A brief history of the Tour
July 18 2012
Long-time readers of this blog will know that I'm a huge fan of the Tour de France. Below is a quick history of this storied event.
The Tour de France launched in 1903 by Henri Desgrange. Desgrange desired a big event to attract subscribers to his burgeoning newspaper, L'Auto. The Paris paper was, at the time, only known for its large collection of BBW and BHM personal, classified ads.
In 1902, Desgrange proposed a human chain made entirely of midgets, stretching across France from Normandy to Tuscany. The event never materialized -- French President Émile Loubet had all French midgets put to death just weeks before Desgrange's planned event.
For 1903, Degrange decided on a better idea - a bike race spanning 21 days, traveling across the entire country of France. (21 days for the 21 virgins sacrificed on the day immediately before the Tour. This became known as the "Prologue".)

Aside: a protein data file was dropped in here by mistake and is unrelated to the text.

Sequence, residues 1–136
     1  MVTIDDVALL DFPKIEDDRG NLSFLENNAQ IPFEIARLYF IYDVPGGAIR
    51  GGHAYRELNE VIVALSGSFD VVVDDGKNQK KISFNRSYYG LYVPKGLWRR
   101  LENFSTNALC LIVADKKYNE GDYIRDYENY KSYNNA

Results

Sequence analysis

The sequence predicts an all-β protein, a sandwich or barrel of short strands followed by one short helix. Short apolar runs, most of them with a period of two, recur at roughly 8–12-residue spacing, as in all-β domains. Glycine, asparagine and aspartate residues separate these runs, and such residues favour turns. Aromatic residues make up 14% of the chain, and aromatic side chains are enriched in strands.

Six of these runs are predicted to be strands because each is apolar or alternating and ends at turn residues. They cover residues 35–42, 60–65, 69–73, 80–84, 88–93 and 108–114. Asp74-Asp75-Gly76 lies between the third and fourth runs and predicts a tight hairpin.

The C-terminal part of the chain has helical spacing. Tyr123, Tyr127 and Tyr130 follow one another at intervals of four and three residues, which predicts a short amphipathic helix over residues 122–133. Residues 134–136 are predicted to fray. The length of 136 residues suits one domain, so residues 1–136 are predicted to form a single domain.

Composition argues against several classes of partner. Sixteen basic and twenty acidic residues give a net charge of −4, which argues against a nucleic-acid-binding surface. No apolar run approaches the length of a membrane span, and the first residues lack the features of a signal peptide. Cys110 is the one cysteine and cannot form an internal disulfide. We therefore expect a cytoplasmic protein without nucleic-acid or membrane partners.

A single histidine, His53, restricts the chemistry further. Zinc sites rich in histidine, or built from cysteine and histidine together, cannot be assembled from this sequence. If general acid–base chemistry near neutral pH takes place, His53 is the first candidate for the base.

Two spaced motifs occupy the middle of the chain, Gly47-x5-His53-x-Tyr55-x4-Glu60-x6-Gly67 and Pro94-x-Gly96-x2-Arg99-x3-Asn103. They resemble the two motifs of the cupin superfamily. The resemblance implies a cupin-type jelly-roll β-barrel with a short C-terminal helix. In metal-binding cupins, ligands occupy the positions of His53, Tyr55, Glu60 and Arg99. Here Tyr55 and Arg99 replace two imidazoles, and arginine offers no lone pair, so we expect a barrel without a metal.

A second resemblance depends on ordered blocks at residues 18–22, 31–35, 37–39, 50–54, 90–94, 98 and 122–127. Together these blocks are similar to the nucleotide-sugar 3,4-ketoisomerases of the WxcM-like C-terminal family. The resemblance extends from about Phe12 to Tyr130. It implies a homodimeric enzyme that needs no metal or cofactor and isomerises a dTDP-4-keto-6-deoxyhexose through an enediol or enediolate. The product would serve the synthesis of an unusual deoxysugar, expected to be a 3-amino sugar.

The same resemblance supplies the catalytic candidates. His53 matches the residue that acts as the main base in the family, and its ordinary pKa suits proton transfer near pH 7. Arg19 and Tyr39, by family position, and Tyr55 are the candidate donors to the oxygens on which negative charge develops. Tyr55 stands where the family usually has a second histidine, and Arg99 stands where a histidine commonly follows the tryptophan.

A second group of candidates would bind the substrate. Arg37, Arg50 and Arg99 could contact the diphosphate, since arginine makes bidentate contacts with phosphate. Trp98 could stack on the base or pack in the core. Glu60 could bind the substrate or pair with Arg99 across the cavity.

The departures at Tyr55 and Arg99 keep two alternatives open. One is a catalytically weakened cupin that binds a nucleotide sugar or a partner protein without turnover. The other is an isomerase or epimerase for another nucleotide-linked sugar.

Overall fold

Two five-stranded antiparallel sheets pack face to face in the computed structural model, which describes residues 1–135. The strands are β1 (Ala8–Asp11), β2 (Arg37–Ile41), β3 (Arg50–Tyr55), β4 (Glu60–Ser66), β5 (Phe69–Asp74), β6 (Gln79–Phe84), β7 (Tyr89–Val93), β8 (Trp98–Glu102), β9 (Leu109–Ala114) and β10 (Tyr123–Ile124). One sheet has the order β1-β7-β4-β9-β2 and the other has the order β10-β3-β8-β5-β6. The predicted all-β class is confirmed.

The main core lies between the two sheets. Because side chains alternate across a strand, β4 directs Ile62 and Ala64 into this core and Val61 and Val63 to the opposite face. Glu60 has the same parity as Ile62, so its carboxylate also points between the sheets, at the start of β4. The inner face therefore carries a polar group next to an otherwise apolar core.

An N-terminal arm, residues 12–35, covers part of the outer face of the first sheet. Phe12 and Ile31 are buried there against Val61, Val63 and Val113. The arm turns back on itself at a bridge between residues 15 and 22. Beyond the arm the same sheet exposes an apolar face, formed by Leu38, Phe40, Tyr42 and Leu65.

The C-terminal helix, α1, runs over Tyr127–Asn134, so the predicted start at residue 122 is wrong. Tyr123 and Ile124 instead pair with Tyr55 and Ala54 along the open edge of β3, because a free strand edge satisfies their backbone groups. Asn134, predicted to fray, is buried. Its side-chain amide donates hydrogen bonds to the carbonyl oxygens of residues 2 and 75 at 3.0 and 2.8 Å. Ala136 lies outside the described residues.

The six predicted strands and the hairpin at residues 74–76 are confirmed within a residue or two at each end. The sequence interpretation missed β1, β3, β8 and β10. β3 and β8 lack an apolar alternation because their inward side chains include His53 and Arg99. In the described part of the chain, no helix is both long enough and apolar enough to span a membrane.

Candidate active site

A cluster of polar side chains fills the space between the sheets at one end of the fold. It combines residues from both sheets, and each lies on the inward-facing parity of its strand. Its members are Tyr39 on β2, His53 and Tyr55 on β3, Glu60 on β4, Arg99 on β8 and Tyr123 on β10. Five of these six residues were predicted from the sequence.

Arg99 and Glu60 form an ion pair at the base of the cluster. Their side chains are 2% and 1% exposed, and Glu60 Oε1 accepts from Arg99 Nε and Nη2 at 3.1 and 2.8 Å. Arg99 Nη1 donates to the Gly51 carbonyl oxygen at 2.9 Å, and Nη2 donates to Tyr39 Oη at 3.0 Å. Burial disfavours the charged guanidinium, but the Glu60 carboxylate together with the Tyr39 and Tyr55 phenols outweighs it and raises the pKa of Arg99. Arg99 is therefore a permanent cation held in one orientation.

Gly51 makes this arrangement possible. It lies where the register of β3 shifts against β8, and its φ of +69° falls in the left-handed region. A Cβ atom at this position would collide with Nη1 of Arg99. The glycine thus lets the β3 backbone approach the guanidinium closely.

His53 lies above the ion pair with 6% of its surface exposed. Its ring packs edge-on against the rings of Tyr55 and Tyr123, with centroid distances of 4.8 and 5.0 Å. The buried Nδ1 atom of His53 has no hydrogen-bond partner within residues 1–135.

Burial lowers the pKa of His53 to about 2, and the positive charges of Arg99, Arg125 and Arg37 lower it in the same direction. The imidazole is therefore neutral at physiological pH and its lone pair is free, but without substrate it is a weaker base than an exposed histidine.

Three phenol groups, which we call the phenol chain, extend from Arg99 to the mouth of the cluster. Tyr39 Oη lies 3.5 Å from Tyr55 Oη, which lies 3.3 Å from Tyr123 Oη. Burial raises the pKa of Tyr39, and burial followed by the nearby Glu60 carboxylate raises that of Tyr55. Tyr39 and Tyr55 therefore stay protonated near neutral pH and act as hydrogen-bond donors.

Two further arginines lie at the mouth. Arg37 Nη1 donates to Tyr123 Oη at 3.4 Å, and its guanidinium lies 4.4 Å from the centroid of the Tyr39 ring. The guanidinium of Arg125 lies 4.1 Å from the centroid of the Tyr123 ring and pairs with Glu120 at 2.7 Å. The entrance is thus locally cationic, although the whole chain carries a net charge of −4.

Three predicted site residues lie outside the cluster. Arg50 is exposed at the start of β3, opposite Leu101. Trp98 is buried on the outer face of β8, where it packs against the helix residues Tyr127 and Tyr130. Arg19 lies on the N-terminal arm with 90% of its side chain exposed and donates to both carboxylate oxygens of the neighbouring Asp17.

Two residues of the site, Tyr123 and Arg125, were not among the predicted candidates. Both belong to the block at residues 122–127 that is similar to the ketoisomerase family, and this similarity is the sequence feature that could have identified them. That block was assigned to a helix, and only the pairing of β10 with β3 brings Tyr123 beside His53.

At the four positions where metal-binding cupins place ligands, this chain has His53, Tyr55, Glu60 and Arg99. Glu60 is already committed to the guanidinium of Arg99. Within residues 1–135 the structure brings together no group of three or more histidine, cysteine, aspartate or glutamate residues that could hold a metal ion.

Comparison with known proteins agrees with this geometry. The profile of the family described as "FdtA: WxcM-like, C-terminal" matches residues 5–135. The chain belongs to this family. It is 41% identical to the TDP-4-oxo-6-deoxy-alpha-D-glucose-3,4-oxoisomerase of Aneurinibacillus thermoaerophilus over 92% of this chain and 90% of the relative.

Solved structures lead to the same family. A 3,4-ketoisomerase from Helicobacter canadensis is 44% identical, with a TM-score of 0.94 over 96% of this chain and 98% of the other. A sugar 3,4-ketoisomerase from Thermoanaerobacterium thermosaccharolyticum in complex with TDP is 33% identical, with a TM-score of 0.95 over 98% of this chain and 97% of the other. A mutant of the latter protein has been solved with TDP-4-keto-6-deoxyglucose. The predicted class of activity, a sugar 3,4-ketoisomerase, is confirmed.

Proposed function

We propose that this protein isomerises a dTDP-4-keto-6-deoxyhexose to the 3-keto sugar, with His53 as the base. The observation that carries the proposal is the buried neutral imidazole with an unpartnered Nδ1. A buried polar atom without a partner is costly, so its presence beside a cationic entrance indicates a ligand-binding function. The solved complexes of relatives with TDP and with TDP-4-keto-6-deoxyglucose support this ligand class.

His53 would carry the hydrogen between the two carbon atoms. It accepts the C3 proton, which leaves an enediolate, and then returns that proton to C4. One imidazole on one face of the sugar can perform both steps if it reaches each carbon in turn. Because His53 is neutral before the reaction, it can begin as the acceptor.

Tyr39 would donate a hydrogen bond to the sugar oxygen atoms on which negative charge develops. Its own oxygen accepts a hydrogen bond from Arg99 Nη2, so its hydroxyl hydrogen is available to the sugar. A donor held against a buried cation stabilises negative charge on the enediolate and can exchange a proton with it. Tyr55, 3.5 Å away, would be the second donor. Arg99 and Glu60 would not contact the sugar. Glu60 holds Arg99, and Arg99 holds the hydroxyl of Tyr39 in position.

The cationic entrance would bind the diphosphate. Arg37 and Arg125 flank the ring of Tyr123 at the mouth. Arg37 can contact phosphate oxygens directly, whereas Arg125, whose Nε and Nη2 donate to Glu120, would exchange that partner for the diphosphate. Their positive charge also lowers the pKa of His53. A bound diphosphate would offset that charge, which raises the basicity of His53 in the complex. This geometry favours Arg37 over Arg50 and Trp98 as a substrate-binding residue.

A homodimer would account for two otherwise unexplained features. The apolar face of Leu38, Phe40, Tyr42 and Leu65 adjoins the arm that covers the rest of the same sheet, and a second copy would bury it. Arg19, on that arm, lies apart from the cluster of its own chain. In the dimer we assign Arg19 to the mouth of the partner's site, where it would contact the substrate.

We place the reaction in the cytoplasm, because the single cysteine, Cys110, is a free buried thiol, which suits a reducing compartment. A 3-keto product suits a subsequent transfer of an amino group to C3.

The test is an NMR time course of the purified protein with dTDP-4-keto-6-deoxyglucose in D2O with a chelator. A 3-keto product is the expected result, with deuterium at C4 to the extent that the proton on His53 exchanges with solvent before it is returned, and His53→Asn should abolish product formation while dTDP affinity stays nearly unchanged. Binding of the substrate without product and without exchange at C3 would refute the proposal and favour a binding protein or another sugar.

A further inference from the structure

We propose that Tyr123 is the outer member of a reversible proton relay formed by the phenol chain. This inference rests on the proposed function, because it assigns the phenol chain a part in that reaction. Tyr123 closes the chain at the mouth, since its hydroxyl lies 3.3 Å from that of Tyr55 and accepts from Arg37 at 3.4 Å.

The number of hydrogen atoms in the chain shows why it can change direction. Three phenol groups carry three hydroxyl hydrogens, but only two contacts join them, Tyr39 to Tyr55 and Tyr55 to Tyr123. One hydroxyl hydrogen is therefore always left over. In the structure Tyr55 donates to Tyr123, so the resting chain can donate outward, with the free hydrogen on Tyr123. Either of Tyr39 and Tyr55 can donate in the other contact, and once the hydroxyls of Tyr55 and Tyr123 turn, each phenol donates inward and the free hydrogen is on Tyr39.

The race left Paris for Lyon, Marseille, Bordeaux, Nantes and then returned back to Paris. The winner was Maurice Garin, a blind, one-legged survivor of the Wallachian uprising. Garin traveled the 2,428 km in just 94h 33m 14s. Second place was a unknown artist named Jean Pierre Oregon, who would later migrate to the USA and found the state of Washington.
Upon Garin's arrival in Paris, his parents were fed to the lions at Versaille - the highest civilian honor in France.